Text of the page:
Class action lawsuits could take off in India after tribunal rulings
13 Jun, 2013
Indian competition lawyers anticipate a series of class action lawsuits once the Competition Appellate Tribunal (COMPAT) gives its decision on appeals filed against orders of the Competition Commission of India (CCI) in the DLF abuse of dominance case and over an alleged cement cartel case.
India’s Competition Act 2002 has always allowed for class action suits, but to date not a single case of this type has been filed in the country.
The Indian Builders Association filed with the CCI against cement manufacturers in the country for allegedly forming a cartel, which was investigated by the antitrust agency, following which the watchdog penalized the cement producers INR 63.07bn.
In its quarterly newsletter (July-September 2012), the CCI said that the Builders Association can also take class action by filing an application with the COMPAT for the award of compensation to offset loss/damages caused to its members. This is provided that the tribunal upholds CCI’s order. Trade associations can benefit and take advantage of opportunities offered by the Competition Act and help the industry, the CCI pointed out in the newsletter.
Section 53 N(4) of the Competition Act, 2002 (as amended) allows parties to file compensation claims before the COMPAT as a class of similarly aggrieved persons once there has been a final decision, said Arshad (Paku) Khan, executive director (competition/antitrust), Khaitan & Co.
If class action suits start getting used, “the stakes in India, which are already high because of the large fines imposed by the CCI, become even higher, especially for cases involving price-fixing for commodity goods or other situations where multiple persons have suffered harm from the same competition breach by the same company,” Khan told PaRR.
The Lok Sabha [the lower house of the India’s legislature] approved the Companies Bill, 2011 in December 2012. This bill includes a provision for class action lawsuits, allowing a group of investors with common interest in a matter to sue the management of a firm, its auditors or a section of shareholders in case of suspected wrong. This option is not available under the current Companies Bill.
Under Section 245 and 246 of the new Bill, class action suits may be filed by investors in a court of law if they believe that the affairs of the company are being conducted in a manner detrimental to the interest of the company and its shareholders. The aim of this amendment to introduce class action suits is to help improve the quality of financial reporting and corporate governance.
The Satyam Computer Services scandal of January 2009 saw US investors who owned American Depositary Receipts (ADRs) demand a settlement to the tune of USD 125m by mounting a class action suit. Indian investors, however, failed to get any compensation from the INR 80bn fraud committed by the founder shareholders of Satyam.
However, unless there is an evolution in the legal profession compelling the Bar Council of India to revise the Rules of Professional Conduct, it is difficult to see a surge of class action suits in the country, K K Sharma, founder of KK Sharma Law Offices and the former director general and head of the CCI’s Antitrust and Merger divisions, told PaRR.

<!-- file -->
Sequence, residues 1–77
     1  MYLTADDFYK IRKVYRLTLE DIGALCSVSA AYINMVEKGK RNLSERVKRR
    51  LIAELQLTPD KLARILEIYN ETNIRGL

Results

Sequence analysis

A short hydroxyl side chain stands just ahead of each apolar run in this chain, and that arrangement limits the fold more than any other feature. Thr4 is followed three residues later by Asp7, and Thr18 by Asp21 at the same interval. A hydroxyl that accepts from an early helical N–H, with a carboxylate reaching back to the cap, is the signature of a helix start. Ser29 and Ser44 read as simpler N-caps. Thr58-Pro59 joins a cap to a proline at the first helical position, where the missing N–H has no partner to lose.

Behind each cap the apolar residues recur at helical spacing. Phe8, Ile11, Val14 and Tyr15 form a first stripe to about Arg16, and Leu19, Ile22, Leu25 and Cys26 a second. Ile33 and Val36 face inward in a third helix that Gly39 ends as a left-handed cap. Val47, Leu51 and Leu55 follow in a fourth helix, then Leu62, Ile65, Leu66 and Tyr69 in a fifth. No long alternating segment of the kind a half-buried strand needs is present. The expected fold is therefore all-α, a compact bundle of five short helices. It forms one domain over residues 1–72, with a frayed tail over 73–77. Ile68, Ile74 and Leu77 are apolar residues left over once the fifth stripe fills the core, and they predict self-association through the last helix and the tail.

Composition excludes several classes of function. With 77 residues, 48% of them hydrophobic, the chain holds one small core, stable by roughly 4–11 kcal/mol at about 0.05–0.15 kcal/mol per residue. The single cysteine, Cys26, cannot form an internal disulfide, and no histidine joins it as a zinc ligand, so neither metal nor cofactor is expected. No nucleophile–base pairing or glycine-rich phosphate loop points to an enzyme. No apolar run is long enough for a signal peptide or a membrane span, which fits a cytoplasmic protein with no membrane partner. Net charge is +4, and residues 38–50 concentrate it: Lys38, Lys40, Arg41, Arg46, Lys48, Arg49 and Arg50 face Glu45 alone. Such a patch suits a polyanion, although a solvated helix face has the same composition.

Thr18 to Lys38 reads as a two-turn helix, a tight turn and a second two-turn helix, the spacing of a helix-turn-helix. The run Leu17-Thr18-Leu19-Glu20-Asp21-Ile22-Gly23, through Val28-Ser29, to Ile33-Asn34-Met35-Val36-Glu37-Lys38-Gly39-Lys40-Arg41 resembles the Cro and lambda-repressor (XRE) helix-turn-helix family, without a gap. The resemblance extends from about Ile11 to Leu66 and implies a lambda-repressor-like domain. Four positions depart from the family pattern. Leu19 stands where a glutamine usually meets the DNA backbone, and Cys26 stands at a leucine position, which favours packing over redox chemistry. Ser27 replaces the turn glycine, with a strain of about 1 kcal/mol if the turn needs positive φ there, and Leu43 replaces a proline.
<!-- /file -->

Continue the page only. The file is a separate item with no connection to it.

Section 49(1)(c) of the Advocates Act, 1961, the Bar Council of India Rules, in Part IV, Chapter II, direct that an advocate should not act or plead in any matter in which he has a financial interest, Sharma said.
Even the draft Code of Ethics of the Bar Council of India does not permit Conditional Fee Agreements. “We, as a law firm, have to decline a number of matters, from abroad, because of these professional standards,” Sharma told PaRR.
Many law firms might be happy to litigate on behalf of small groups and individuals who do not have the capacity to pay immediately, if the rules permitted the law firms to do so, Sharma said.
Overseas, there are numerous cases in which lawyers collect a number of petitioners and fight different cases and claim the fee in the end from the outcome of the judgment. In India, however, this would amount to professional misconduct, Sharma noted.
Section 53 N of the Competition Act, 2002 deals with award/ compensation arising out of the findings of the Commission or the orders of the Appellate Tribunal in an appeal against any findings of the Commission or under section 42 A or under section 53 Q of the Act, Sharma said. Incorporating this section in the Competition Act does not take away the rigours of the existing professional conduct rules, he noted.
By invoking this provision (section 53 N), the central government or a state government or a local authority or any enterprise or any person may make an application, if they can show that they have suffered damage. That does not exclude the possibility of some of the big customers/parties of a given entity, either singly or in a group, engaging lawyers on a fee basis for taking such cases and filing for damages, Sharma said.
Sharma added that provisions of the Companies Bill 2011, under section 245 and 246, may in due course, also allow for the initiation of class action suits.
by Freny Patel in Mumbai
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